By design

In order to achieve this thread-safety without sacrificing performance, the following rules were applied in TSQLRestServer.URI:

  •  Most of this methods's logic is to process the incoming parameters, so is thread-safe by design (e.g. Model and RecordProps access do not change during process); 
  •  The SQLite3 engine access is protected at SQL/JSON cache level, via DB.LockJSON() calls in TSQLRestServerDB methods; 
  • TSQLRestServerStatic main methods (EngineList, EngineRetrieve, EngineAdd, EngineUpdate, EngineDelete, EngineRetrieveBlob, EngineUpdateBlob) are thread-safe: e.g. TSQLRestServerStaticInMemory uses a per-Table Critical Section; 
  • TSQLRestServerCallBack methods (i.e. published methods of the inherited TSQLRestServer class) must be implemented to be thread-safe; 
  • Interface-based services have several execution modes, including thread safe automated options (see TServiceMethodOption), or manual thread safety expectation, for better scaling; 
  •  A protected fSessionCriticalSection is used to protect shared fSession[] access between clients; 
  •  Remote external tables use thread-safe connections and statements when accessing the databases via SQL; 
  •  Access to fStats was not made thread-safe, since this data is indicative only: a mutex was not used to protect this resource.

We tried to make the internal Critical Sections as short as possible, or relative to a table only (e.g. for TSQLRestServerStaticInMemory).

There is some kind of "giant lock" at the SQLite3 engine level, so all requests process will be queued.
This was not found to be a major issue (see benchmark results below), since the internal SQL/JSON cache implementation need such a global lock, and since most of the SQLite3 resource use will consist in hard disk access, which gain to be queued.
It also allows to use the SQLite3 in lmExclusive locking mode if needed, with both benefits of high performance and multi-thread friendliness.

From the Client-side, the REST core of the framework is expected to be Client-safe by design, therefore perfectly thread-safe: it's the benefit of the stateless architecture.

By proof

When we are talking about thread-safety, nothing compares to a dedicated stress test program.
An average human brain (like ours) is not good enough to ensure proper design of such a complex process.
So we have to prove the abilities of our little mORMot.

In the supplied regression tests, we designed a whole class of multi-thread testing, named TTestMultiThreadProcess.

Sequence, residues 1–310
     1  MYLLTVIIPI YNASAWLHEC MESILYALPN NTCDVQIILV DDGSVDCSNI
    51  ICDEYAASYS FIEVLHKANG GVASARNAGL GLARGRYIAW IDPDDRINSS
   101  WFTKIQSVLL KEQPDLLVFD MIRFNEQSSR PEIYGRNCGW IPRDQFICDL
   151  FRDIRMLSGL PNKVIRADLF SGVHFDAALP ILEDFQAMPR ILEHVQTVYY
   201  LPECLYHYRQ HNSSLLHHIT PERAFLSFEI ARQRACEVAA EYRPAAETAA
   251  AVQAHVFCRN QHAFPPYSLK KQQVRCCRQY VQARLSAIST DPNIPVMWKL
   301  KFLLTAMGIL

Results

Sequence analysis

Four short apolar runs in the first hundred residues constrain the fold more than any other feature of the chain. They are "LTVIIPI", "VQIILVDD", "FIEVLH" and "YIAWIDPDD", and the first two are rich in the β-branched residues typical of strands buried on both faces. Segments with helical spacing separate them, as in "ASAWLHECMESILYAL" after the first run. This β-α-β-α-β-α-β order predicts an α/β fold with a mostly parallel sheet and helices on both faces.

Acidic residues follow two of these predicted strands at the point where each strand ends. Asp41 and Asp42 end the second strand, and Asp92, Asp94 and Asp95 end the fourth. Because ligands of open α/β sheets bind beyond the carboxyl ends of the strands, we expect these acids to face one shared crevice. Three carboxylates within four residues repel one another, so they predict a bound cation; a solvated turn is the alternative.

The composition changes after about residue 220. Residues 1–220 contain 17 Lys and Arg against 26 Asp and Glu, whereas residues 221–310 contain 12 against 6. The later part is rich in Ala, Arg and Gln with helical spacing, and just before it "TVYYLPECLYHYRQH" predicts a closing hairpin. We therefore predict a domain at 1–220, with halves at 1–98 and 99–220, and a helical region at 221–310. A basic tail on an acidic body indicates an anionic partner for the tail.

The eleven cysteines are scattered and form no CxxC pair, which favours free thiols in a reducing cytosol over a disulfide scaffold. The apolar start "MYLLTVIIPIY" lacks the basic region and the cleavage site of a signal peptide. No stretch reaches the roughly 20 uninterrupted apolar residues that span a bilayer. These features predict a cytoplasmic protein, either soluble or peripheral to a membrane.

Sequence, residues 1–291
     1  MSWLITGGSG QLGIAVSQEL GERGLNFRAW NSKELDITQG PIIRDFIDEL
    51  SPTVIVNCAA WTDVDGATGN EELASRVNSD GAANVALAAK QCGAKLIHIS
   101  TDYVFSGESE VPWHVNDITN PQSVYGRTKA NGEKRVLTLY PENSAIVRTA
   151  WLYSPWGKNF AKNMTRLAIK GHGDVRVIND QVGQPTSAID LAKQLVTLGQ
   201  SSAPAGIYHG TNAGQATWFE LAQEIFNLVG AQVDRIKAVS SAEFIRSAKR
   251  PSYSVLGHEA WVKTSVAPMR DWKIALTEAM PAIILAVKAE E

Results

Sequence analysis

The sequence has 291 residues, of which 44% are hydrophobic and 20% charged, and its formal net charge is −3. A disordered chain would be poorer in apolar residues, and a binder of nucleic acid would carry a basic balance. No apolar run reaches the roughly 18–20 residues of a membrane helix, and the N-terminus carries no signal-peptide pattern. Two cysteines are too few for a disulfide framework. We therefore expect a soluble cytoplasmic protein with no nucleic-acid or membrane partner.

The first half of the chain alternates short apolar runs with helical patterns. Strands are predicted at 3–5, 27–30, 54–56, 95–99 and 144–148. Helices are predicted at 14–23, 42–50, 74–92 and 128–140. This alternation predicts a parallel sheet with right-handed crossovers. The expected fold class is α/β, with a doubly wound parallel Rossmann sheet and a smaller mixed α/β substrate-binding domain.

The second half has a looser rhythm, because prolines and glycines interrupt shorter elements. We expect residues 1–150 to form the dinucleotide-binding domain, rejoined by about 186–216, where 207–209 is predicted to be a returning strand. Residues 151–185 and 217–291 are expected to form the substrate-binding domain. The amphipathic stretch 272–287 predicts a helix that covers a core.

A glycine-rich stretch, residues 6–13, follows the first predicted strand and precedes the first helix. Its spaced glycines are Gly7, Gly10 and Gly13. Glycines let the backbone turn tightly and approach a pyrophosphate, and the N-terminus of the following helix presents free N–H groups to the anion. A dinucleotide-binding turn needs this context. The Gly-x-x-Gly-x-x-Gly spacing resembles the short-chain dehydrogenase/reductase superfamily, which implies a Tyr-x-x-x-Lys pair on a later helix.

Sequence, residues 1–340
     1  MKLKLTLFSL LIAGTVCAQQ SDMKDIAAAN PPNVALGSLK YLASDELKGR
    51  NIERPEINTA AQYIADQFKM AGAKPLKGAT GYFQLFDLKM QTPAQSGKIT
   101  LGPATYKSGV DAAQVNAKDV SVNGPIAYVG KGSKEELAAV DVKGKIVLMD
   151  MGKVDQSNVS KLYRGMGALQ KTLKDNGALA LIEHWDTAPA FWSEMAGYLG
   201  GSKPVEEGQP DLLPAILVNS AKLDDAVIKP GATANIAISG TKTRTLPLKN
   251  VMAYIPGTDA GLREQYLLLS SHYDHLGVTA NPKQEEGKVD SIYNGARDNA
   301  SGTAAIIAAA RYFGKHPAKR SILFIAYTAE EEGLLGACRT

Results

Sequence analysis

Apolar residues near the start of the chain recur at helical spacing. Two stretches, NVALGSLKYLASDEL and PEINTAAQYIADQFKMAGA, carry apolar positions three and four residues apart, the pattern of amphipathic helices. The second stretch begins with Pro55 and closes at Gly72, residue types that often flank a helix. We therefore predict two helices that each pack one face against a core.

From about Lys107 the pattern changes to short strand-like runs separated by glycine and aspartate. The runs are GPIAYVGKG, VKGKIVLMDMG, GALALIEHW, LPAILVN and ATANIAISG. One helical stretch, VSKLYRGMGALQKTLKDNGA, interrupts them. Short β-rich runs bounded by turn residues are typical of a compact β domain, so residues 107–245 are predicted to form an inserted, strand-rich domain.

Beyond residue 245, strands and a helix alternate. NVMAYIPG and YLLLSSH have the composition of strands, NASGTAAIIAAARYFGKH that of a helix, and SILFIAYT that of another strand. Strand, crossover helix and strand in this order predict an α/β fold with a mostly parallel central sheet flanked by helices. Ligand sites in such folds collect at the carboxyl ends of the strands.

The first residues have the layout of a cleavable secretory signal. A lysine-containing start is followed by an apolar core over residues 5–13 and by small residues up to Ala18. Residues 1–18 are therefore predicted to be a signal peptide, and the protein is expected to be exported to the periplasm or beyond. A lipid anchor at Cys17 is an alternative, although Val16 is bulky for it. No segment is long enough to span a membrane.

Its methods will run every and each Client-Server protocols available (direct access via TSQLRestServerDB or TSQLRestCLientDB, GDI messages, named pipes, and both HTTP servers - i.e. http.sys based or WinSock-based).

Each protocol will execute in parallel a list of INSERTs - i.e. TSQLRest.Add() - followed by a list of SELECTs - i.e. TSQLRest.Retrieve().
Those requests will be performed in 1 thread, then 2, 5, 10, 30 and 50 concurrent threads.
The very same SQLite3 database (in lmExclusive locking mode) is accessed at once by all those clients.
Then the IDs generated by each thread are compared together, to ensure no cross-insertion did occur during the process.

Those automated tests did already reveal some issues in the initial implementation of the framework. We fixed any encountered problems, as soon as possible.
Feel free to send us any feedback, with code to reproduce the issue: but do not forget that multi-threading is also difficult to test - problems may occur not in the framework, but in the testing code itself!

When setting OperationCount to 1000 instead of the default 200, i.e. running 1000 INSERTions and 1000 SELECTs in concurrent threads, the numbers are the following, on the local machine (compiled with Delphi XE4):

 Multi thread process:
- Create thread pool: 1 assertion passed  3.11ms
- TSQLRestServerDB: 24,061 assertions passed  903.31ms
1=41986/s  2=24466/s  5=14041/s  10=9212/s  30=10376/s  50=10028/s
- TSQLRestClientDB: 24,062 assertions passed  374.93ms
1=38606/s  2=35823/s  5=30083/s  10=32739/s  30=33454/s  50=30905/s
- TSQLRestClientURINamedPipe: 12,012 assertions passed  1.68s
1=4562/s  2=5002/s  5=3177/s
- TSQLRestClientURIMessage: 16,022 assertions passed  616.00ms
1=16129/s  2=24873/s  5=8613/s  10=11857/s
- TSQLHttpClientWinHTTP_HTTPAPI: 24,056 assertions passed  1.63s
1=5352/s  2=7441/s  5=7563/s  10=7903/s  30=8413/s  50=9106/s
- TSQLHttpClientWinSock_WinSock: 24,061 assertions passed  1.10s
1=11528/s  2=10941/s  5=12014/s  10=12039/s  30=9443/s  50=10831/s
Total failed: 0 / 124,275  - Multi thread process PASSED  6.31s

For direct in-process access, TSQLRestClientDB sounds the best candidate: its abstraction layer is very thin, and much more multi-thread friendly than straight TSQLRestServerDB calls.
It also will feature a cache, on need.
And it will allow your code to switch between TSQLRestClientURI kind of classes, from its shared abstract methods.

Named pipes and GDI messages are a bit constrained in highly parallel mode, but HTTP does pretty good.
The server based on http.sys (HTTP API) is even impressive: the more clients, the more responsive it is.